If you are struggling with debt of more than £7,000, then an Individual Voluntary Arrangement (IVA) might be the best solution.
It is a positive alternative to declaring bankruptcy, and could help you get your finances back on track much quicker.
How does an IVA work?
An IVA acts as a formal agreement between you and those you owe money to, and according to debt management service PayPlan works, “By you agreeing to repay a percentage of your debt, in affordable monthly payments over a given time (typically around five years), and once your final IVA payment is made your creditors agree to write off the rest of your debt.”
The good thing about an IVA is that it can wipe off a certain amount of unsecured debts, which can ease the stress and worry that comes with constant calls and harassment from creditors. It also means that once the IVA is in place creditors can’t add further interest or charges to the outstanding debt, so the number on your agreement is the exact number you’ll pay.
You can feature most debts in an IVA, including credit cards, personal loans, catalogues, store cards, bank and building society overdraft charges and loans and also priority debts such as tax debts, council tax arrears and electricity and gas debts.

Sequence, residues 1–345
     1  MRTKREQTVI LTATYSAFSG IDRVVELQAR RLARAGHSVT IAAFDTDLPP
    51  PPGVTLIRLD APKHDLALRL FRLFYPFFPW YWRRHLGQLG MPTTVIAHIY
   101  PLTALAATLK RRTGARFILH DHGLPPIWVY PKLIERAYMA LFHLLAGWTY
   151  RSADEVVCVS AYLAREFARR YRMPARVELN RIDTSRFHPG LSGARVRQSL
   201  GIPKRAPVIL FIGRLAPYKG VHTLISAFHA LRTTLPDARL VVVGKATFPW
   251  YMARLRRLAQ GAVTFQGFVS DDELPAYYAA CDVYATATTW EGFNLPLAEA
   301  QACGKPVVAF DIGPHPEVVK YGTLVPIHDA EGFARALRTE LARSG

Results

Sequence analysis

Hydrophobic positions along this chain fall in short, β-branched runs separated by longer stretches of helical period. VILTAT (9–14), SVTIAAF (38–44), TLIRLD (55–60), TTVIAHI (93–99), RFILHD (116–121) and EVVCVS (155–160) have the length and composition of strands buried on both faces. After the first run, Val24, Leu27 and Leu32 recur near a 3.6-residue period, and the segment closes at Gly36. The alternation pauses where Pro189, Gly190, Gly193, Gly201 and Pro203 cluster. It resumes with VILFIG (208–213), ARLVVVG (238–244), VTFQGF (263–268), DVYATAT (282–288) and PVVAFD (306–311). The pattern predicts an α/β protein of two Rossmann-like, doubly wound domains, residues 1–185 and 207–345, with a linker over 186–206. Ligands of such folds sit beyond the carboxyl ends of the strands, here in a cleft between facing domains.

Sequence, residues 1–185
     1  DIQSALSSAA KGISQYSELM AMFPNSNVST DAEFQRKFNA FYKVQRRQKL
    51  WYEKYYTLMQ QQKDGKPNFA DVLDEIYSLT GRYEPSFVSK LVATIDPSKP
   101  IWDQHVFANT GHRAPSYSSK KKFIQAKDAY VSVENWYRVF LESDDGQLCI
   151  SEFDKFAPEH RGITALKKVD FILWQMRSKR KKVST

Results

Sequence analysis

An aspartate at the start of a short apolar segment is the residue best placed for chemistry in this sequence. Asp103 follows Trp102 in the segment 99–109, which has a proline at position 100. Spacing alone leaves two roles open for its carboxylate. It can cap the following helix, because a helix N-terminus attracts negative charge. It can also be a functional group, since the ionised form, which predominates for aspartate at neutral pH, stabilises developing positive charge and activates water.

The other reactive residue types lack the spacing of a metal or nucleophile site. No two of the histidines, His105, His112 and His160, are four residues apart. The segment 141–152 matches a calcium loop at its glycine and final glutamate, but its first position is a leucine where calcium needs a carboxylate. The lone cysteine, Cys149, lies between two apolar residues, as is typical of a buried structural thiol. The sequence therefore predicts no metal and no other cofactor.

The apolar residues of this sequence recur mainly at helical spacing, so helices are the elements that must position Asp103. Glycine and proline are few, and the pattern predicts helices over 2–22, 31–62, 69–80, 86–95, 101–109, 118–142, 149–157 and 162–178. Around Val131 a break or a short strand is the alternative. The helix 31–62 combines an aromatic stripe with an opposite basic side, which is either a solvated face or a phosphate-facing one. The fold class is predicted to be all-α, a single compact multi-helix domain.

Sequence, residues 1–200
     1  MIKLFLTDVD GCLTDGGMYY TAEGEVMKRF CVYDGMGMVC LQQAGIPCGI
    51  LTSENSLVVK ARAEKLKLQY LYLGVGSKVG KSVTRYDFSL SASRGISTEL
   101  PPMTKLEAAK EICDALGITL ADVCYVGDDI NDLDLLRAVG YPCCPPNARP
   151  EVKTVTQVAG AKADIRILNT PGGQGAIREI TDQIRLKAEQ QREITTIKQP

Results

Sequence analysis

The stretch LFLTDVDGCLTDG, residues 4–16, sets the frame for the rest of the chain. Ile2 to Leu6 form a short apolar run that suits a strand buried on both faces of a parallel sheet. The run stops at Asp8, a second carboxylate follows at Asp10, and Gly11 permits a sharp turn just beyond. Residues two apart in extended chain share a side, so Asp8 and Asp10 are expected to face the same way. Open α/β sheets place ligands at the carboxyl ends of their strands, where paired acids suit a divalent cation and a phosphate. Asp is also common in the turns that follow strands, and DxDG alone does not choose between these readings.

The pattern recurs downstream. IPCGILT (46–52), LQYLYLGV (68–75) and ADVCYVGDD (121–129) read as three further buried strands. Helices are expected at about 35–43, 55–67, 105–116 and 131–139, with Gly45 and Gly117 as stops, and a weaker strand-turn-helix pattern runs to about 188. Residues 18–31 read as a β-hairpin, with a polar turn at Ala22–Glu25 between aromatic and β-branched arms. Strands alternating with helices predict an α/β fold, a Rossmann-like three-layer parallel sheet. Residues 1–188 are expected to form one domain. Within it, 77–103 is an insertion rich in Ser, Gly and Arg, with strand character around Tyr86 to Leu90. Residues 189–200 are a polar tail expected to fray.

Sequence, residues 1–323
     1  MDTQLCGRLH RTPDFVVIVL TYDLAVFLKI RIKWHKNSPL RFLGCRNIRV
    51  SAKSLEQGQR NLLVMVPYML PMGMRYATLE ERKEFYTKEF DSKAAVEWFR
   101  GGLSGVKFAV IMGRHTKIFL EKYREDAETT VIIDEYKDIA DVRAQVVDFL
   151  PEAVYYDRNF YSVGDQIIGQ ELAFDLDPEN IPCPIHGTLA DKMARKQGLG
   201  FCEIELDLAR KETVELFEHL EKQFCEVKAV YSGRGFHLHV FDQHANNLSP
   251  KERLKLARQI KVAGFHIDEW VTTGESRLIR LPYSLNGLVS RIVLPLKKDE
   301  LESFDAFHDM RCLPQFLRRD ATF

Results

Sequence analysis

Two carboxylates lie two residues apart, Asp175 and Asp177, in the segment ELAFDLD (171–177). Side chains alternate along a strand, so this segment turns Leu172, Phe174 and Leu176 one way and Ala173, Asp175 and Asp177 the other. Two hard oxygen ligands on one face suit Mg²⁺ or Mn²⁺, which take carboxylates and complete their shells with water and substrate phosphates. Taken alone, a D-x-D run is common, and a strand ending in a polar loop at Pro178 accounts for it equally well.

Is an IVA recorded?
However, you will be placed on a public register and your credit rating will be affected, but in the grand scheme of things this is a preferable option compared to losing your home or declaring bankruptcy.
An IVA is an affordable way of ensuring you remove debt from your life, it consolidates everything you owe into one monthly repayment charge and enters you into a legally binding agreement. It’s worth bearing in mind though that if you fail to pay back your IVA on time and in full it will default and creditors will be free to pursue you again for what they are owed – plus interest and charges again.
When you set up an IVA bear in mind that you will be required to remortgage your home, this releases equity and assists in raising funds that will then be put towards your debt. However, if you are unable to do this you can simply extend your monthly payments for an extra year.
Check with Citizens Advice
IVAs are not an easy way of getting out of paying debt and should only be considered in the most serious of circumstances. Remember, they are an alternative to bankruptcy and so should be treated seriously. Citizens Advice suggests that an IVA may be best for you if:
- You have at least £100 in disposable income per month
- You don’t want to deal with those you owe money to directly
- You have debts over £10,000
- You have at least two separate debts with different creditors
Think carefully before taking out an IVA. Talk to a financial advisor with experience in the solution and ensure you have your home and assets protected before signing any agreements.
IVA seems to be promising as it ensures that you get out of debt slowly. I gotta research on this further. Thanks for bringing up this term.